You probably read something written by a geographer who relied on centuries of observations by people and perhaps even artifacts that date back millenia.

Based on all that data, the geographer formed the opinion that there is little rain in the Sahara, and you believed it.

How is the process of believing the geographer who collected lots of data different from collecting data ourselves?There is one potential difference and that is that that the geographer collected data on something related to, but ultimately independent from, the object of our study.

The geographer did not collect data on if it will rain tomorrow, but only on the general weather in the Sahara.

Equally, if we want to use data from the other strategies to inform decisions about any specific strategy, the win-ratios have to be independent of each other.

This is also a key assumption the mathematical justification makes (the technical term is that the data has to come from parallel situations.

It also has to be sufficiently large).

Updating Our BeliefsNow that we invested hard work to form a prior, it is time to use the data about individual strategies to form posteriors.

For beta distributions, the update rule is relatively straightforward.

The posterior of the alpha parameter equals the number of games won by the strategy plus the prior value of alpha.

df['alpha_posterior'] = df.

won + alpha_priorThe beta parameter equals the number of games lost by the strategy plus the beta prior.

df['beta_posterior'] = (df.

n_games – df.

won) + beta_priorThe chart below shows the prior distribution as inferred from the data (blue) and the posterior of one specific strategy (red).

As you can see, this strategy has most of its posterior values above the required win-ratio.

In other words, most of the true win-ratios we think are possible are above the line.

ShrinkageBecause we take the overall mean win-ratio into account when estimating the true win ratio of each strategy, we “shrink” our estimates towards the grand-mean.

Empirical Bayes is a so called “shrinkage” method.

As we will see later this is precisely what helps us to reduce false discoveries: We bias our estimates towards finding nothing.

To visualize the shrinkage, let’s calculate the mean posterior win-ratio for each strategy:df['eb_ratio'] = df.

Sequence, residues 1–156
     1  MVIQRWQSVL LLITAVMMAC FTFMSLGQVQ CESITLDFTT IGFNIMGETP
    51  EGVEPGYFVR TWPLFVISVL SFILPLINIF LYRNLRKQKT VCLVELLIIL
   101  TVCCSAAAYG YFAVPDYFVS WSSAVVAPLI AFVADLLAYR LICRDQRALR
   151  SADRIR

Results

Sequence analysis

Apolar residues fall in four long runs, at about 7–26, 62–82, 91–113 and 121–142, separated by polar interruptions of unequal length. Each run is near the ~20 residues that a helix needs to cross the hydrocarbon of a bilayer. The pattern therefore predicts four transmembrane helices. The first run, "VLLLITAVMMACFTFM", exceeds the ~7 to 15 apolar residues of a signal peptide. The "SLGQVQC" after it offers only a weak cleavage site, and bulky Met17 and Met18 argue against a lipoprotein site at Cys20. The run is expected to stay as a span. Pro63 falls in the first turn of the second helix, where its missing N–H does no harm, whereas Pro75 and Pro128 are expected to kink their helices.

alpha_posterior / (df.

alpha_posterior + df.

beta_posterior)The plot below shows the distribution of win-ratios in the data (blue) and the distribution of estimated true win-ratios for all strategies (red).

As you can see, the estimates are all closer to the mean and there are significantly fewer strategies whose estimated win-ratio is over the requirement (red line).

Of course, not all estimates are shrunk by the same amount.

We would expect to shrink estimates for which we have more data (speak, which strategies we tried on more games) less than strategies for which we have only little data.

This is exactly what is happening.

Bayes Rule takes in account the amount of evidence we have for a posterior that might be different from our prior.

The chart below shows the relationship between shrinkage and the amount of data we have.

The solid red line is the line at which the observed win ratio is the estimated win ratio.

If a point is near the solid red line there is only little shrinkage.

The dashed red line is the prior.

Green dots are strategies for which we have a lot of data, blue dots are strategies for which we have only little data.

As you can see, strategies for which have little data (blue) are closer to the prior and further away from the observed value.

Strategies for which we have a lot of data (green) are shrunk less towards the prior.

False Discovery RatesAs we saw earlier, we do not only estimate one true win-ratio for each strategy.

We estimate an entire distribution of win-ratios we deem possible.